The City of Fruitland Park and the Lake County Library System are preparing to host a grand opening ceremony for the new $3 million Fruitland Park Library.
The event, which is free and open to the public, will be held Friday, July 19 at 11 a.m. at 604 W. Berckman St. It will include a ribbon cutting, presentations, refreshments and live music. And the first 500 patrons will receive an exclusive library card featuring a picture of the new facility.
The 12,000-square-foot, one-story facility will provide a significant upgrade from the former 7,000-square-foot space, allowing a larger selection of books and media, and more room to host programs and events. The library’s new eatery, the Gardenia Café, will serve breakfast and lunch.
The library features a coastal theme, a large wraparound porch and outdoor rocking chairs. The building also pays homage to the city’s past by incorporating original oak floors and windows from the old Casino Community Building.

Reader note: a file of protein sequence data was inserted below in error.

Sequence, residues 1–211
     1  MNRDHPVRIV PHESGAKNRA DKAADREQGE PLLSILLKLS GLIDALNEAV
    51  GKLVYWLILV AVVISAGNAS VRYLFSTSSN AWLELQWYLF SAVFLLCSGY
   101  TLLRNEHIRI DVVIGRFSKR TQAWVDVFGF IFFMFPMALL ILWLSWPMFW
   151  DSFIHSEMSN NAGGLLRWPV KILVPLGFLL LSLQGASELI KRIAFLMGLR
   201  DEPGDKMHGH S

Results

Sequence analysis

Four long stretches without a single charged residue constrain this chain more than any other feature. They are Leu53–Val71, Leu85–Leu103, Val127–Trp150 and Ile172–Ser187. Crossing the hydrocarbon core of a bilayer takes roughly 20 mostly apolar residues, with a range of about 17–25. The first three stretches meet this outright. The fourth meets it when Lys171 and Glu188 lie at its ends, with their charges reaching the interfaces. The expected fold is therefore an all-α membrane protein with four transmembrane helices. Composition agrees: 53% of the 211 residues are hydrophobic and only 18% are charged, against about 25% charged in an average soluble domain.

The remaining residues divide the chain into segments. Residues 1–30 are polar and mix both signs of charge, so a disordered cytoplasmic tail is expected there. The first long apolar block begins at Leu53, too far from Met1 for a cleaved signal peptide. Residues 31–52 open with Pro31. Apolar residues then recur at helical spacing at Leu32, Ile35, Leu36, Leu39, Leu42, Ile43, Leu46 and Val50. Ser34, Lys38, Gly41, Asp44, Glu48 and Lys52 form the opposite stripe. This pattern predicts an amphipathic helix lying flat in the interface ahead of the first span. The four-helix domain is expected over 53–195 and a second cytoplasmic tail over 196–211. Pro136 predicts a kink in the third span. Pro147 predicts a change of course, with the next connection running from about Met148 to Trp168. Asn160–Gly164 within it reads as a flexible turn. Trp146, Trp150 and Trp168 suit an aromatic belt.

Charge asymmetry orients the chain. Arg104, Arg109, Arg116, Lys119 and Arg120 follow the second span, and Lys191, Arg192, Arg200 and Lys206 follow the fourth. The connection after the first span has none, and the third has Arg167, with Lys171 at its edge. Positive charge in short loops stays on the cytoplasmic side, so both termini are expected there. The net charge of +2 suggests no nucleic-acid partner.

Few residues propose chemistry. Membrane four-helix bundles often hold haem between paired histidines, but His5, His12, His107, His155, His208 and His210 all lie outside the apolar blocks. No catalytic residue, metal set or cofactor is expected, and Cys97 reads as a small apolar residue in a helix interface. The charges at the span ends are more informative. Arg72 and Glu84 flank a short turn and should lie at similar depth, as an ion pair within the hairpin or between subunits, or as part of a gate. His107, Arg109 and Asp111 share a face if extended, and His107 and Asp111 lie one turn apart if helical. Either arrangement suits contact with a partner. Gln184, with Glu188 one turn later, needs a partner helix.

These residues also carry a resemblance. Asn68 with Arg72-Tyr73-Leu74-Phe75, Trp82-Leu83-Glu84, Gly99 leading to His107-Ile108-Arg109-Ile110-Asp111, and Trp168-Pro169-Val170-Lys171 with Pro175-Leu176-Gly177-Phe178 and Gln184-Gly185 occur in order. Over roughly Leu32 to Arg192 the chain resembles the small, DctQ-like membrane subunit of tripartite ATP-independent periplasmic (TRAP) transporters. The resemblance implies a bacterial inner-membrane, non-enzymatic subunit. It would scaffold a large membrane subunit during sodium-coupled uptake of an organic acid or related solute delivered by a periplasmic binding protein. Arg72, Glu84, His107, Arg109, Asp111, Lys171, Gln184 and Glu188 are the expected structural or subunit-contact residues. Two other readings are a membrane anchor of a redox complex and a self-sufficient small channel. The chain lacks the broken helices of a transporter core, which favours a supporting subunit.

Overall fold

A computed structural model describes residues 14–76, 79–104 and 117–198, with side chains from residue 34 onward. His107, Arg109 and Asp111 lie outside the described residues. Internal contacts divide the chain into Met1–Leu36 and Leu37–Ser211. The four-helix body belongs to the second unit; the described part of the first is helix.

The library’s community rooms, the Palm Villa and the Hillcrest, are named after historic homes dating back to the 1800s. Another historical treat is the large windmill outside the library – an original to the city which operated from 1915 to the 1950s just a few feet where it now towers over the new library.
The library’s outdoor garden is named after the late Virgil Bell, father of Fruitland Park City Commissioner Christopher Bell and grandfather-in-law of Lake County Commissioner Josh Blake. His original artwork of local, historic homes will be displayed in the front foyer, celebrating his legacy.
The Fruitland Park Library began in 1916 and was incorporated in 1966. It became part of the Lake County Library System in 1997.
Construction for the new library began in March 2018. Fruitland Park plans to convert the old library into a community center.
“This is a momentous occasion. For the first time in 10 years, a new library building will open in Lake County,” said Jo-Ann Glendinning, director of the Fruitland Park Library. “It’s been a long journey, but well worth the wait. Our community has grown. It was time we grew with it.”